During the 1st appearance in this case Bruno Richard Hauptmann provided his general information to the court. Next he is informed of his rights, most importantly his right to a lawyer and that one will be provided should he not be able to afford one. Hauptmann was then informed of his charges. In Hauptmann’s case, New York charged him with extortion and New Jersey charged him with murder.
During the preliminary hearing in this case the prosecutors presented enough evidence to convince the judge to charge Hauptmann with both extortion and murder. It was also decided in which territorial jurisdiction the court would be in (Schmalleger, 2015). The preliminary hearing allowed the prosecution to bring forth witnesses like Dr. Condon as well as the for the defense to cross examine. Finally, a date or in Hauptmann’s situation two dates, an arraignment date was scheduled.
During the arraignment in this case Hauptmann pled not guilty to his charges. Hauptmann would be indicted on the charges of extortion and murder. After his indictment Hauptmann was surrendered and transferred to the state of New Jersey. Because of Hauptmann’s not guilty plea, his trial was set to begin on January 3, 1935.
Role of Adjudication, Sentencing, and Corrections
Adjudication is “A judicial decision or sentence” (“Adjudication”, n.d.). For this case, the adjudication process consisted of Hauptmann’s trial and his verdict. Both the prosecution and defense presented their cases to the jury. After all the evidence and testimonies were presented the jury then deliberated. After five weeks the jury found Bruno Richard Hauptmann guilty of first degree murder.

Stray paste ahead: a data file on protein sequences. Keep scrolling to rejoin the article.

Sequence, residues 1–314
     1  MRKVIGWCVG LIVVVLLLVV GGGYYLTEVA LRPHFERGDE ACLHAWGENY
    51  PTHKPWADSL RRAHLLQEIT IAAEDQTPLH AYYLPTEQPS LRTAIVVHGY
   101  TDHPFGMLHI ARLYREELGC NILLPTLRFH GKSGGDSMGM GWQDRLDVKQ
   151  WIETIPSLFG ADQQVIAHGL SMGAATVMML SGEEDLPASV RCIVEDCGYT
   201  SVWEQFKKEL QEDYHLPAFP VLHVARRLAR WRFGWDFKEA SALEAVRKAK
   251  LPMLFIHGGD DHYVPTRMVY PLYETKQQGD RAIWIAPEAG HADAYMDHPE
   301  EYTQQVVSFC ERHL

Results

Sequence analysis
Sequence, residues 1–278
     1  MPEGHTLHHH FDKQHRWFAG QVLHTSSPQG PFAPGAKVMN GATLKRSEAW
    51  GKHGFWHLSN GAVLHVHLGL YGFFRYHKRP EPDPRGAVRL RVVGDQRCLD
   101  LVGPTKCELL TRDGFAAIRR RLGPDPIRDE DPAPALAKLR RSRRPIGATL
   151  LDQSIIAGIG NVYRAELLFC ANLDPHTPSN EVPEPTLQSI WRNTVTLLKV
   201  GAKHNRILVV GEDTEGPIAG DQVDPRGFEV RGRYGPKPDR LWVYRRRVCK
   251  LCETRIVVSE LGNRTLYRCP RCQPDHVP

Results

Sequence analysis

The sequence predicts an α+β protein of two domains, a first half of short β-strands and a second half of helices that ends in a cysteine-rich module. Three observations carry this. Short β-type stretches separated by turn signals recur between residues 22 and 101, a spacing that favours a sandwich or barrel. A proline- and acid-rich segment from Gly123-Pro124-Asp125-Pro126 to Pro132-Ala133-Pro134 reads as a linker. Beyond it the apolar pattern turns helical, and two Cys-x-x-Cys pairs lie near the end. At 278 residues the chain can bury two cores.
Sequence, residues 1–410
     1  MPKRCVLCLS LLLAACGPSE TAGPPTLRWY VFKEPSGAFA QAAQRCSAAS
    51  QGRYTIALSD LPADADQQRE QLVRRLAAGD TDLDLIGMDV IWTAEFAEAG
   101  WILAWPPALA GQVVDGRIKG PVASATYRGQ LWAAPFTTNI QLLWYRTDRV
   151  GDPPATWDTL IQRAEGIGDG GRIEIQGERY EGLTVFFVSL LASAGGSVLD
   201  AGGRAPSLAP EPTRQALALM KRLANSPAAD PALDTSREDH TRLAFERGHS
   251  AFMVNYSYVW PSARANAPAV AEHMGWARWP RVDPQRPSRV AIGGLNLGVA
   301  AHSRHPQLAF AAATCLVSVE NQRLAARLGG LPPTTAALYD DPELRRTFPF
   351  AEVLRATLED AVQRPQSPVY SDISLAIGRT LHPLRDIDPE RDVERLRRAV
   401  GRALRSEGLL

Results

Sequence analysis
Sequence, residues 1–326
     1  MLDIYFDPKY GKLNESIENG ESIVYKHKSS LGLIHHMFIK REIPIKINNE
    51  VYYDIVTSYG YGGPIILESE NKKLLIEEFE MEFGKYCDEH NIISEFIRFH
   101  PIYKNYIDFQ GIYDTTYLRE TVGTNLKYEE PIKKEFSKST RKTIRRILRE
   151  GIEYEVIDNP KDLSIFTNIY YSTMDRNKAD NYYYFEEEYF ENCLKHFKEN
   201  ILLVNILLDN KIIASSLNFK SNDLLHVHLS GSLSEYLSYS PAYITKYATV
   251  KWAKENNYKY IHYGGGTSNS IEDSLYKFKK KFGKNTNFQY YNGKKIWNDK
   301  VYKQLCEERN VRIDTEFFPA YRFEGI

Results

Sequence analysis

The sentencing phase consists of “The imposition of a criminal sanction by a judicial authority” (Schmalleger, 2015). In this case Hauptmann was sentenced to death by electrocution. Although Hauptmann appealed many times, all were denied. Hauptmann’s sentence was carried out on April 3, 1936.
Corrections emphasizes “Punishment and Rehabilitation” (“Role of the Correctional System”, n.d.). In this case, corrections played a custodial role as well as carried out Hauptmann’s sentence. Multiple correctional facilities, from different states, held Hauptmann for some amount of time. Once it was decided that he would be held and tried in New Jersey, Hauptmann was then transferred between facilities. After his sentencing, the responsibility of carrying out Hauptmann’s punishment fell upon the corrections. Correctional officers went through with the execution at 8:47 PM on April 3, 1936 (“What Happened”, n.d.).
This assignment has presented a 700-1050-word analysis of the Lindbergh Baby Case. The discussion consisted of a discussion of how the three components of the criminal justice system (police, courts, corrections) apply to the case; a discussion of first appearance, preliminary hearing and arraignment of the case; the role of adjudication; sentencing; and corrections as they are applied to this case. At least one reference was provided and literature cited where appropriate.